Because of this it can be used in place of a saline drip and is being commercially exploited as a sports drink, particularly in Brazil, where it is now a $75-million industry. Coconut water also ferments quickly and can be made into wine or vinegar.
Far from being the world’s most dangerously fatty oil, coconut oil is now being marketed as the healthiest. It is rich in lauric acid, the saturated fat found in mother’s milk, and full of anti-viral and anti-bacterial properties. It’s also been shown to reduce cholesterol, as it doesn’t enter the bloodstream but travels straight to the liver.
Some less well known uses for the coconut palm: DaimlerChrysler now use the husk (or coir) to make bio-degradable seats for their trucks (springier than plastic foam); the root is liquefied to make mouthwash and a flour made from the shell is used to clean jet engines. The first car body to be made of coconut is already on the drawing board.
The coconut palm has been heralded as the world’s most useful tree for more than 3,000 years. In early Sanskrit texts it was referred to as kalpa vriksha – the tree that fulfils all needs.
You could survive on a desert island by eating and drinking only coconut.
Source: QI: The Book Of General Ignorance, published 2006
Fairtrade is about better prices, decent working conditions, local sustainability, and fair terms of trade for farmers and workers in the developing world.
By requiring companies to pay sustainable prices (which must never fall lower than the market price), Fairtrade addresses the injustices of conventional trade, which traditionally discriminates against the poorest, weakest producers. It enables them to improve their position and have more control over their lives.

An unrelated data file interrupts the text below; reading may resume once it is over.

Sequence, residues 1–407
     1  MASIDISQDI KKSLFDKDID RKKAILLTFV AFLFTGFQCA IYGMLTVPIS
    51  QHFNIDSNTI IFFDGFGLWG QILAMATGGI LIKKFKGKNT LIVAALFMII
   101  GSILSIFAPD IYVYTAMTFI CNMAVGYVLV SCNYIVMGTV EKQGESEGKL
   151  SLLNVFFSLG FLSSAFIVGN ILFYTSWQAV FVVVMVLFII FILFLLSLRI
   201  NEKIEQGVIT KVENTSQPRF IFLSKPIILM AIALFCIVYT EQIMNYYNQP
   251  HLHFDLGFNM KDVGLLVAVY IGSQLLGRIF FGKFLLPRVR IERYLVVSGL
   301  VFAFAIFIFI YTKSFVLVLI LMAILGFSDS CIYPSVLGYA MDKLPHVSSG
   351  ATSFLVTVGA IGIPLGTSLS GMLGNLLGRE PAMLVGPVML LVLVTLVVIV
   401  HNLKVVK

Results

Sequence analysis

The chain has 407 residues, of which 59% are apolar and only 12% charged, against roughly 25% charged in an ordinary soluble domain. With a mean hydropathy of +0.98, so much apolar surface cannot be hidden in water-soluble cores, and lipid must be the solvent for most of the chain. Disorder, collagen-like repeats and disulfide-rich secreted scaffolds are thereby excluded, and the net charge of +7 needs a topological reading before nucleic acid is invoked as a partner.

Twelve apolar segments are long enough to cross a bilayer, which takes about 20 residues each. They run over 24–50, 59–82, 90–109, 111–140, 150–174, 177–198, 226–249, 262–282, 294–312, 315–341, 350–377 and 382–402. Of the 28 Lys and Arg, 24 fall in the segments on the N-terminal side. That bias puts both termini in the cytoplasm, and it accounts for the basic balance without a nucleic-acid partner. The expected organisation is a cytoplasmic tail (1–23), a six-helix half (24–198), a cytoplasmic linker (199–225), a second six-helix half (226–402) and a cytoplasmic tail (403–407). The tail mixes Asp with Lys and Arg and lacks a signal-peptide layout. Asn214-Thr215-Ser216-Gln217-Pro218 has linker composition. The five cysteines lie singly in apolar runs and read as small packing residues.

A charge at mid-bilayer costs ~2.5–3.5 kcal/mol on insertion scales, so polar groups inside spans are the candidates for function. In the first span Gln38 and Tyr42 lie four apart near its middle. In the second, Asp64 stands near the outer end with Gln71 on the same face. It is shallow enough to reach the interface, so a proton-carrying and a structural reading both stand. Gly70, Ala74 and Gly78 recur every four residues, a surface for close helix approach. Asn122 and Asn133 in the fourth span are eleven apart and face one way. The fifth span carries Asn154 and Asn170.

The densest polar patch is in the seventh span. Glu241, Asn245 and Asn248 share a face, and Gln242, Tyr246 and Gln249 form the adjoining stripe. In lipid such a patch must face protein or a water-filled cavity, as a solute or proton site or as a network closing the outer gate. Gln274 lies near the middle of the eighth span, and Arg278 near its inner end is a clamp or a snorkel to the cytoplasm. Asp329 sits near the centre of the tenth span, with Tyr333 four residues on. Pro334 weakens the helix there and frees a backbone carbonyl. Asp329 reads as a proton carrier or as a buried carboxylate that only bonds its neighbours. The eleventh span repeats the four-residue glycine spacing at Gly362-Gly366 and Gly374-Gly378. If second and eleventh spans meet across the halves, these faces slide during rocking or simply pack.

With Fairtrade you have the power to change the world every day. With simple shopping choices you can get farmers a better deal. And that means they can make their own decisions, control their future and lead the dignified life everyone deserves.
How it works
Once harvested, the coconuts are brought to the processing unit. By opening the nuts we recover the coconut water; with coconut meat we obtain milk, cream and coconut oil - the nutritional benefits of which are well established. Farmers are paid a fair price for the nuts they harvest.
Every year, an inspector visits the farms and the processing unit, and checks whether the requirements of Organic and Fairtrade for farmers and factory workers are being respected.
It assesses whether the fair price has been paid and whether the community development project is progressing according to plan; other topics such as health & safety at work, and appropriate levels of fair wage, are also assessed.
The inspector then sends his report to the certification agency, where the report is verified in accordance with the standards of the Fairtrade agency, FairTSA. When it is verified that everything is in order, a Fairtrade certificate is granted and issued.
Coconut House actively supports community development
Development projects funded by La Maison du Coco are planned for local communities. Such projects are part of the Fairtrade business and operational responsibility of "FairTSA".
Support for farmers' professional development projects
Support for community development projects: currently, the creation and maintenance of wells in the Philippines.
(Further edited by Robin Tattersall)